Critical Mass published a short interview with Günter Grass on the subject of memory. He recently published his autobiography, Peeling the Onion (translated from German by Michael Henry Heim). I responded with a comment reposted here:
The gap between the way we remember ourselves and the way we perceived ourselves at an earlier age can be vast, and this piece on Grass calls to mind a story published last year in the New York Times called Speak, Memory, about a woman given a diary she kept as a teenager. The article states: “[Florence Wolfson’s] reunion with her diary seemed to help her discover a lost self, one that burned with artistic fervor. ‘You’ve brought back my life,’ she announced at one point.”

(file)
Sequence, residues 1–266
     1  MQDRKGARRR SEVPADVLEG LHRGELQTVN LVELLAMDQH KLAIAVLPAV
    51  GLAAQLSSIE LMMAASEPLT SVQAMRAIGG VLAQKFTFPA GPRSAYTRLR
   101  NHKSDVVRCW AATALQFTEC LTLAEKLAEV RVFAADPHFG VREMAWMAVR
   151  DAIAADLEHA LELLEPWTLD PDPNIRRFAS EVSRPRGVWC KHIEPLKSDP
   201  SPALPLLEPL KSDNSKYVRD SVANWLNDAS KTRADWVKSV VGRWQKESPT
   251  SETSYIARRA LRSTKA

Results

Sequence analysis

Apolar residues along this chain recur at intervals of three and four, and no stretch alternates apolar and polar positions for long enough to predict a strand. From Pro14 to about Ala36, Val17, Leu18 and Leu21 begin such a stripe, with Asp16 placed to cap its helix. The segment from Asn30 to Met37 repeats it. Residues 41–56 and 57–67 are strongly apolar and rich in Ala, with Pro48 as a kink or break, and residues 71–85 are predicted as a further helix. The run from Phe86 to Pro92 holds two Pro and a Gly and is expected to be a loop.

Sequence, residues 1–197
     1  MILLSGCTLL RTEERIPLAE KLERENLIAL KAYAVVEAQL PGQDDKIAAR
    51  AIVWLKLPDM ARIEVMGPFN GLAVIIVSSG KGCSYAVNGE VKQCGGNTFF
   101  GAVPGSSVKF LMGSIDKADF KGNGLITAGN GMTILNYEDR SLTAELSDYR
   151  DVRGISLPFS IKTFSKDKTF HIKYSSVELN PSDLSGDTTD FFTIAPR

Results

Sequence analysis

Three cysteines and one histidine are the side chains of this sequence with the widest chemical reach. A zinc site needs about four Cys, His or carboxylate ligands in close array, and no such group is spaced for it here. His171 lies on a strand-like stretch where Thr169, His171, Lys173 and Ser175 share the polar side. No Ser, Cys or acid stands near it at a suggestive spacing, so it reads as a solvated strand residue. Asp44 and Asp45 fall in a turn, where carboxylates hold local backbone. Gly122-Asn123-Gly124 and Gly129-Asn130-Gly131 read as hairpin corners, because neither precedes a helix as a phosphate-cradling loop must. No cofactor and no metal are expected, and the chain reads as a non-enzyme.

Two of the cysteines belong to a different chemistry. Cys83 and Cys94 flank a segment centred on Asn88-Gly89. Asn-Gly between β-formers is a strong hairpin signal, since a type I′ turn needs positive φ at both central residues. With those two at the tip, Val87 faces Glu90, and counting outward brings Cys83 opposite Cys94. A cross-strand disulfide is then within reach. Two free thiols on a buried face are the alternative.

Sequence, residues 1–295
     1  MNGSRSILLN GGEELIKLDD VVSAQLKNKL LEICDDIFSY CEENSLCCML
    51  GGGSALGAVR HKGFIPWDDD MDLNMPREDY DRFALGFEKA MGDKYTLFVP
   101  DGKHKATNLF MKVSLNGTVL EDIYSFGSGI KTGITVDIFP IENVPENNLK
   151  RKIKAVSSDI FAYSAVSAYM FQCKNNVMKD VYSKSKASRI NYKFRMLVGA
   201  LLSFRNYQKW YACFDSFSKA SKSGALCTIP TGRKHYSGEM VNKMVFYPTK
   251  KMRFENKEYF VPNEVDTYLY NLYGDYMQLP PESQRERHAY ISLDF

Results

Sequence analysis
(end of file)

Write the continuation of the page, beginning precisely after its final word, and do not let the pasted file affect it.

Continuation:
Biographies — and novels — can do the same, and many novels ask question memory and its vagaries: In Search of Lost Time, The Sea, Ravelstein, all of the Ian McEwan novels I’ve read. They deal with the lost self as, it appears, Grass does, and though I’m not familiar with his work, I appreciate the point he makes in his answers and, apparently, his autobiography.
(Links added later.)